on six legs, triumphant.
I’m stretched across the back seat
sliding with each sharp turn
down tree-shrouded streets.
We hit the snaking highway,
headlights cross over my mother’s
Grace Kelly scarfed-head,
her cigarette-hand on the wheel.
The dingy tunnel, narrow and long,
launches us onto the Liberty Bridge.
Leaning against the half-open window,
the stench of rotten eggs fills my nose.
Mountains of coal and iron ore
stand along the black river’s edge.
Mill stacks shoot wild orange plumes
into the night.
Mom and I sing
with Doris Day on the radio,
Que sera sera.
My mother died at home at fifty-four,
under the window in the bedroom facing
the master bedroom, bath en suite,
fifth-floor corner condo
in a flat-field suburb south of Chicago.
I remember Dad’s call, that Sunday,
my two year old napping in her room.
Roads crossed so many times,
I crossed again.
That drive, that very day, the farthest.
In his clawfoot tub, he lounges: ankles perched on the ceramic
it’s about transformation. Water pearls down newly-shaved legs & he
wonders what it’d feel like to have scales, a tail. Pressing his legs
together, he pictures them melding: feet broaden & splay out, skin
flakes into scales, green ombrés fin to waist. But it all fades, like seafoam
breaking onto semi-dry land. Pain makes a mermaid. He raises the straight
razor he found in Father’s drawer & slits open both shins. Bubbles & blood.
Before descending into the subway’s maw,
Shop grates drawn, sleepers stretched out
on benches, in doorways, just beginning to stir,
but already someone with a broom has gathered
fallen buds into neat piles on the square’s red bricks:
heaps of fairy goblets on long green stems
left over from yesterday’s celebration—
Morris dancers in knickers,
jangling ankle bells, clacking sticks.
Already this early, at his coffee shop station,
the self-appointed doorman:
straggly hair and beard, gray, flecked with white;
paper cup in one hand:
patrons drop in their coins, no words exchanged;
his vest and trench coat, bulging with rolled newspapers,
slips of notepaper crumpled in shirt pocket—is he,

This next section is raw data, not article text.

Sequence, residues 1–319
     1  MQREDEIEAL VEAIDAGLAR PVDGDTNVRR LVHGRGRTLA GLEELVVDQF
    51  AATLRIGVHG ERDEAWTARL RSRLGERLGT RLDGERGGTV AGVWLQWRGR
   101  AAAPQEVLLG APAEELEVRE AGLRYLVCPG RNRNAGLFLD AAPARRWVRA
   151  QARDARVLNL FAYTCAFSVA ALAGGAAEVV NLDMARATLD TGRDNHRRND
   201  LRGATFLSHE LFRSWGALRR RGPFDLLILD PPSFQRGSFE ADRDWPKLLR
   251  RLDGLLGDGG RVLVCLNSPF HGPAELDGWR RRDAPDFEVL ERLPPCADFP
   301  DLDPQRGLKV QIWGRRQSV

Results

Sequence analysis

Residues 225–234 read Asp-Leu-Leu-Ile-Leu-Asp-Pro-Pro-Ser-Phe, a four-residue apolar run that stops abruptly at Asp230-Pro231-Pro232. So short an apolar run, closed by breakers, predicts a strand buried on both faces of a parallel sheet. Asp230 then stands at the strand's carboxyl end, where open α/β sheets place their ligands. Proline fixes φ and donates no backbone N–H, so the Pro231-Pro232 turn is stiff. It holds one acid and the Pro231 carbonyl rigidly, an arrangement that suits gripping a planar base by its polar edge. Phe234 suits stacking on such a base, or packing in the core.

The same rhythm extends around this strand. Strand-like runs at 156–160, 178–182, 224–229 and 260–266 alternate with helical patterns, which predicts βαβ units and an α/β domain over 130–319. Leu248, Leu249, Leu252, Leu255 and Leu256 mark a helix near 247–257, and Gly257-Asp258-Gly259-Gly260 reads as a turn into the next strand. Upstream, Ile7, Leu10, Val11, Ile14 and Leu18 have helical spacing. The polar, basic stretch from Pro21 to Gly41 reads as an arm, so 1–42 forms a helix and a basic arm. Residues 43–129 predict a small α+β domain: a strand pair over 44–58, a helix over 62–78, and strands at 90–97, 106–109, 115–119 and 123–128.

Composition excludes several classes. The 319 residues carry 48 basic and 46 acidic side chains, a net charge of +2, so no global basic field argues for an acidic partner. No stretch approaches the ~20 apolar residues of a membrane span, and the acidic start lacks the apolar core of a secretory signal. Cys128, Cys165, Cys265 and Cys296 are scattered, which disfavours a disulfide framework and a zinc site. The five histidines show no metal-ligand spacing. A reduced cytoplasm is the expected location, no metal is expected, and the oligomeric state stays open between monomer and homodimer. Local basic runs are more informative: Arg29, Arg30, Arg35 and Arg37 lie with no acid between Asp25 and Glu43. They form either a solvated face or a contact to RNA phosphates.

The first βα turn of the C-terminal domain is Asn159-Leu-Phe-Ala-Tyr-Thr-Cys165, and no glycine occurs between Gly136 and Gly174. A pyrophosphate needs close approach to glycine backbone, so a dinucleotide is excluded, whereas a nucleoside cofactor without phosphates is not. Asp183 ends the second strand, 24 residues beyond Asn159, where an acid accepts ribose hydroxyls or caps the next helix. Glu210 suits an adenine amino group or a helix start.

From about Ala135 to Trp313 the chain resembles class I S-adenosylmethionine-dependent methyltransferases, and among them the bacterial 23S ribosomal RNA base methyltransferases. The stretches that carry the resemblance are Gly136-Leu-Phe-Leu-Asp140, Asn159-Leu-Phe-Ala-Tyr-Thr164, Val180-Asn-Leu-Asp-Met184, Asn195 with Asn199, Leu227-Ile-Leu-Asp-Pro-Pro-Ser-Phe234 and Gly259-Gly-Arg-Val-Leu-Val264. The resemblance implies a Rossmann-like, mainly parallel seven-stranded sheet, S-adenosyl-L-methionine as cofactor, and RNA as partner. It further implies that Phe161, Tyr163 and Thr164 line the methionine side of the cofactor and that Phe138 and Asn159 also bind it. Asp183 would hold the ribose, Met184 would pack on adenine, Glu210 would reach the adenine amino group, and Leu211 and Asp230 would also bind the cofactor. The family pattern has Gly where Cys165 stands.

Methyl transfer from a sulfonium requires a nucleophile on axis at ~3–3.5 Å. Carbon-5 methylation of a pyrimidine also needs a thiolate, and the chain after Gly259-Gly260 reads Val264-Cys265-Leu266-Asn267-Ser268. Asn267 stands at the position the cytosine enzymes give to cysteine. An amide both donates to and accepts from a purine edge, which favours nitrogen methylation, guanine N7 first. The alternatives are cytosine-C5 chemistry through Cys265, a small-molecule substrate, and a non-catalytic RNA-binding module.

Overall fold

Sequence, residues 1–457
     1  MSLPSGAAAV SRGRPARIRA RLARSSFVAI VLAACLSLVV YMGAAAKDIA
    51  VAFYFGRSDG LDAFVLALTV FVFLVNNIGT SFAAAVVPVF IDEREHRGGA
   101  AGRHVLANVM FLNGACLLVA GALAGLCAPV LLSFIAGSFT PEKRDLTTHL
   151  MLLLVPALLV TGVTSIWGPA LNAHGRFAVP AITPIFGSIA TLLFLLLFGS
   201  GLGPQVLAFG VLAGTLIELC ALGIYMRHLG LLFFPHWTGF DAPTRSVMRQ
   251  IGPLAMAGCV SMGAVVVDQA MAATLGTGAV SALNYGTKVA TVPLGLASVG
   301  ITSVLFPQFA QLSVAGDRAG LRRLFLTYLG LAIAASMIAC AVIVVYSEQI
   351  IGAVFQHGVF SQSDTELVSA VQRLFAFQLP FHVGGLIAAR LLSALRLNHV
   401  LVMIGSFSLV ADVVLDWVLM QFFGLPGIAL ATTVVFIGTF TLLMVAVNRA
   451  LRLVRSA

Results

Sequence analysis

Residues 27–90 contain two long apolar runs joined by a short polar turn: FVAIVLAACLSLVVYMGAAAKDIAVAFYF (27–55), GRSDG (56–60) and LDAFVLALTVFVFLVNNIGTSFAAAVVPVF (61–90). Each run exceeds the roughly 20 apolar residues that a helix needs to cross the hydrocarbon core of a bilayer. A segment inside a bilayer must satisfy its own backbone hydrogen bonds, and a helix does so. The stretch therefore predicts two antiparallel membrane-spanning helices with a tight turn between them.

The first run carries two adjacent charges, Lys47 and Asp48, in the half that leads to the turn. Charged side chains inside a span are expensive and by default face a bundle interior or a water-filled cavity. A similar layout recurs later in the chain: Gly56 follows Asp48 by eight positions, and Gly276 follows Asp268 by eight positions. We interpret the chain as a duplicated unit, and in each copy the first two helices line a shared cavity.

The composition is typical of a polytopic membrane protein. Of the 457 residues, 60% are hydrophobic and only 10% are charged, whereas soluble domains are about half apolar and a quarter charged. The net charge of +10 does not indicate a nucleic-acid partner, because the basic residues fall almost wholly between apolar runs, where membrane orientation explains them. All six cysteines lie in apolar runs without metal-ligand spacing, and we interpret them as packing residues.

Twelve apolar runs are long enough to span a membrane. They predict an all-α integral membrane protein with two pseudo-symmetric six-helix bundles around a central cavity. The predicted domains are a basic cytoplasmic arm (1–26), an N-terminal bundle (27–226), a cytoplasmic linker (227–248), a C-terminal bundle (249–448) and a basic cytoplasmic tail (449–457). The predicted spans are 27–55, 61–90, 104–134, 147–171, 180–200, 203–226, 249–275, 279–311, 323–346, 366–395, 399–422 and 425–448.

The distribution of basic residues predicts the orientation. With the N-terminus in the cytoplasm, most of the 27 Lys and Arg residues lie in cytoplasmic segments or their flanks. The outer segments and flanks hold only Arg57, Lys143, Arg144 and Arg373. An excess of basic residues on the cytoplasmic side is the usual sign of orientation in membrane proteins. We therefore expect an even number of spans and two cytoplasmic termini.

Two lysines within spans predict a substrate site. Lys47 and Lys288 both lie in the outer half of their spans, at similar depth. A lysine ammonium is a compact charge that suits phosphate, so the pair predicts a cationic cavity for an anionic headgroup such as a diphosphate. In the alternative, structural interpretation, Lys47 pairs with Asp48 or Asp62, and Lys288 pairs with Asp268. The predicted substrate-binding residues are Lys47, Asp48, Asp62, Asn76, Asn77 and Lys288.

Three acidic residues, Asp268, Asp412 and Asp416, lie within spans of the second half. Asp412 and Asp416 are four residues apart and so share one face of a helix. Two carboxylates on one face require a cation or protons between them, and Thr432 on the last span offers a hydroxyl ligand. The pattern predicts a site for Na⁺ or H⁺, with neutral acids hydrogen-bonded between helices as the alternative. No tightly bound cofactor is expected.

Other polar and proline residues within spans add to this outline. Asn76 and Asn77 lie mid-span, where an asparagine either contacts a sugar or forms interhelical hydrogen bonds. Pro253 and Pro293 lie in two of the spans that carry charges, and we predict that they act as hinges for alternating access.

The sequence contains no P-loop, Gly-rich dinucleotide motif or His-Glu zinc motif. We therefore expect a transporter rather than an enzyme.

bum, bard, or bodhisattva?
Yesterday: I saw red-eyed Sappho, stumble along the sidewalk
oblivious to the crush— office workers headed home—,
her gaze downcast, mumbling verses as she passed shops
with pansies in window boxes and recessed doorways:
from their shadows satyrs and sirens, her familiars,
leaned forward, greeted her. This morning,
leather-skinned Li Po, staggers past, scattering pigeons,
ending a night filled no doubt with wine and song.
Strands of hair peeking from under knit cap,
he lurches from this lamp post to the next,
embraces one as a long lost friend,
spits curses—“Motherfucker”—at another
as at a sworn enemy, “Motherfucker.”
Early “patrons” at tables of the not-yet-open outdoor café,
my confrères: ruddy-faced men in hand-me-down work boots,
coats half-buttoned, sweatshirts showing beneath:
White-bearded Walt Whitman shares a cigarette
with someone who could be his twin.
Nearby, Basho, tonsured, in need of a shave,
scans yesterday’s headlines; at his feet,
two plastic bags stuffed with only he knows what.
And, just back from the west, Po Chü-i
sits under a shade tree in new leaf,
his one crutch propped against the trunk,
scribbling poems on paper scraps,
which he neatly folds, sticks into his pocket.
Parked beside cardboard boxes of books in a shopping cart,
his movable library, finally, here is portly Marx,
signature beard splayed on chest,
eyes fixed on a book propped open on his belly,
deep in conversation with himself—something just audible
about “oil prices . . . simpler times . . . bosses . . . ;”
one moment serious, holding up both sides of the argument,
the next chuckling to himself, amused.
Before descending into the subway’s maw,
before facing the mess on my desk,
such, these May mornings, such is the company I keep.